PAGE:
Reema Kagti's Honeymoon Travels Pvt. Ltd. is just the kind of film that can be a professional movie reviewer's nightmare. How does one write a review of a film that has neither any exceptional high-points nor any downright bad elements? One that doesn't rock, but doesn't suck either? No praise, no curse. Thank God, I'm not a professional reviewer.
We all know what Honeymoon Travels Pvt. Ltd. is all about - six newly married couples going on their honeymoon together. Though it has elements of mutual discovery one would expect in a theme like this, the director's intention is not to explore that aspect of the couples' honeymoon. The end result is a film where you get some nice, funny moments sprinkled in an uneven fashion across the 108 minute duration of the film, but that's just about it. Sometime you do long for some further insight into a few aspects, but you don't let that bother you, because a few minutes into the film, the director has made clear what she wants you to expect.
It is a cute film - reasonably short in duration, populated with a plethora of characters who in their own sweet way show you (even though intermittently) something that makes you go, "yeah, that happened to someone I know", but largely stop short of making you care for them. You know that each track would not get more than a few minutes, so why bother?
It seems that while writing the script, Reema Kagti had to struggle hard to introduce some 'conflict' in each of the tracks. There was no need actually. We would have been satisfied even if the film was only about the fun-filled interaction between the couples. But the writer/director was probably not satisfied. While these conflicts work in some of the tracks, in others they appear very contrived. The cutest couple (Abhay Deol-Minissha Lamba) gets saddled with a 'conflict' that borders on the ridiculous, but which is nevertheless funny in a mindless way.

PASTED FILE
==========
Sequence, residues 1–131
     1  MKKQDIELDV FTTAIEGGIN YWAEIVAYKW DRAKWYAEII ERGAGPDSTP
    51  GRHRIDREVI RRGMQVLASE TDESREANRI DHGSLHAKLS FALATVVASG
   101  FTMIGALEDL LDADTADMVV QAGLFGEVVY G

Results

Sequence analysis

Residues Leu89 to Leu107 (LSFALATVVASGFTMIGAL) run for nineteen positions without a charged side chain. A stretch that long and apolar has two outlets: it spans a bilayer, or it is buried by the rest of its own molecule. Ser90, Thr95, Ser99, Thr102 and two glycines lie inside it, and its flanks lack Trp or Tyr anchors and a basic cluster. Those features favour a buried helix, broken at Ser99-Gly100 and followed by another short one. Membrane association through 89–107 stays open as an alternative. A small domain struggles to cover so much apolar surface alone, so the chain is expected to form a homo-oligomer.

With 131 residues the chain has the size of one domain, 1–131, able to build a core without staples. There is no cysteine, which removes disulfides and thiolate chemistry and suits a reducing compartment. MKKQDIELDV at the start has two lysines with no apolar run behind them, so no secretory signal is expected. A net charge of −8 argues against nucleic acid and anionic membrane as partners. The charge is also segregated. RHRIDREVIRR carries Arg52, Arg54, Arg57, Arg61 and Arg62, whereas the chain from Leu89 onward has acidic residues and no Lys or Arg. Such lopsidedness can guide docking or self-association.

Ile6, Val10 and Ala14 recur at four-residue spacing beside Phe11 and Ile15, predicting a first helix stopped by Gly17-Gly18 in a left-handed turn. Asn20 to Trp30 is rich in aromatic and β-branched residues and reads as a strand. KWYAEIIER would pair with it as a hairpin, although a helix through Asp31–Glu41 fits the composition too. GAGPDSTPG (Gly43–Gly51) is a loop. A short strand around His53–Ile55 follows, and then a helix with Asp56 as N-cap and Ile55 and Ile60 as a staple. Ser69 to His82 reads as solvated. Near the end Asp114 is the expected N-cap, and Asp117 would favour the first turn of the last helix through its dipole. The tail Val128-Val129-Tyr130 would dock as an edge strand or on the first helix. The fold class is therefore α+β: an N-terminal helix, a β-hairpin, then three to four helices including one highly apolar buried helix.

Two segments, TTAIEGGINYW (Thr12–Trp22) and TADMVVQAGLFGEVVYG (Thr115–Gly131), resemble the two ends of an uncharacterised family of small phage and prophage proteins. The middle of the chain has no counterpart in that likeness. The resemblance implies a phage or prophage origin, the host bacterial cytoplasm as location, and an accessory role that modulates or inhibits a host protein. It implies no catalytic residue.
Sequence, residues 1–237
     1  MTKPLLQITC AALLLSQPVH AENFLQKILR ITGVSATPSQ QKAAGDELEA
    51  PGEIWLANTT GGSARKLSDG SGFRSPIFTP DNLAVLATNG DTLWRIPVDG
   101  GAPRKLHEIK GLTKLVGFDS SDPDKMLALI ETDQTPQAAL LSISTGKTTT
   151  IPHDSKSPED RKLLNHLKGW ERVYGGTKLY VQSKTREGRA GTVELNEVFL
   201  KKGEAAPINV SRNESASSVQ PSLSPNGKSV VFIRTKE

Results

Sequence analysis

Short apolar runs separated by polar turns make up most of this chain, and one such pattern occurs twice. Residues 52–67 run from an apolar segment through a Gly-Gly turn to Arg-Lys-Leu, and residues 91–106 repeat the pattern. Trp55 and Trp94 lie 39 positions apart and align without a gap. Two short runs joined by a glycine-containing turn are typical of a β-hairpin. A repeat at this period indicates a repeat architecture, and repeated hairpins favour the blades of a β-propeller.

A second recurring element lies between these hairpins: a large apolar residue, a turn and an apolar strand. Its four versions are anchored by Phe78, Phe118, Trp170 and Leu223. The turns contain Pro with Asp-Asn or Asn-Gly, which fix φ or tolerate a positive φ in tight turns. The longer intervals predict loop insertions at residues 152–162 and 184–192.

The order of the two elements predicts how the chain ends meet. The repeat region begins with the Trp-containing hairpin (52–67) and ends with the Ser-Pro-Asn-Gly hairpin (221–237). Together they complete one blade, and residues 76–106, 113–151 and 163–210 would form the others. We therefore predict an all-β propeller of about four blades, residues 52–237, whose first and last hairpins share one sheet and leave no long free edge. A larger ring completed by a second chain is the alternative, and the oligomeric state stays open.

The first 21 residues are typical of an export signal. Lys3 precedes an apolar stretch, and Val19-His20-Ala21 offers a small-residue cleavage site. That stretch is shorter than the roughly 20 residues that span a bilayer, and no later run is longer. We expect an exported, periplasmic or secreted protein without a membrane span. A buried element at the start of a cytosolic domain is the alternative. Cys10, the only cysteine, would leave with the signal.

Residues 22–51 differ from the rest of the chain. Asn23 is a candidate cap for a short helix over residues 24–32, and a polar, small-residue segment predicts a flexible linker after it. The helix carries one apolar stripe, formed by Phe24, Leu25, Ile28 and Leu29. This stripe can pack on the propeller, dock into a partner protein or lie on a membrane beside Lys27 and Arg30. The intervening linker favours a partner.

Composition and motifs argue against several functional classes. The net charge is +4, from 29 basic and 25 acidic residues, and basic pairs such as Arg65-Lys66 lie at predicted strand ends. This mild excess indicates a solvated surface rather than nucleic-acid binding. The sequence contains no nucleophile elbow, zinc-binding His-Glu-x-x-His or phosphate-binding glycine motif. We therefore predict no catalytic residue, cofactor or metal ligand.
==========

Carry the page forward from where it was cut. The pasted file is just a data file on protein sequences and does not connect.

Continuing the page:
I thought that the Amisha Patel-Karran Khanna track and its connection with the Sandhya Mridul-Vikram Chatwal track was the most interesting, if only it was fleshed out a bit more and given a more complete resolution. And the resolution to the Sadhya Mridul-Vikram Chatwal track is quite unconvincing. It also makes me wonder if Indian cinema would ever reach the level of maturity and boldness required to produce a full-fledged film based on these tracks - a kind of Brokeback Mountain meets Kabhi Alvida Naa Kehna.
Even though it is the typical enjoy-while-it-lasts kind of flick, there are a few images that still linger on in my mind. The brilliantly choreographed and performed tango by Abhay Deol and Minissha Lamba, the unstructured choreography of Sajna Ji Vari Vari, the impromptu fantastical tale narrated by Bomman Irani and Shabana Azmi while describing the way they met, Raima Sen's thrilling adventure in the sky - these sequences provide a brief glimpse into what a great film this could've been, if only the writer/director had a bit more clarity on what she wanted to achieve. And pray, what was the need to resort to such horrendous clichés like a wayward daughter returning to her dad and stepmom after being jilted or the fight sequence with the goondas! And why that speech by Shabana Azmi at that end? Why?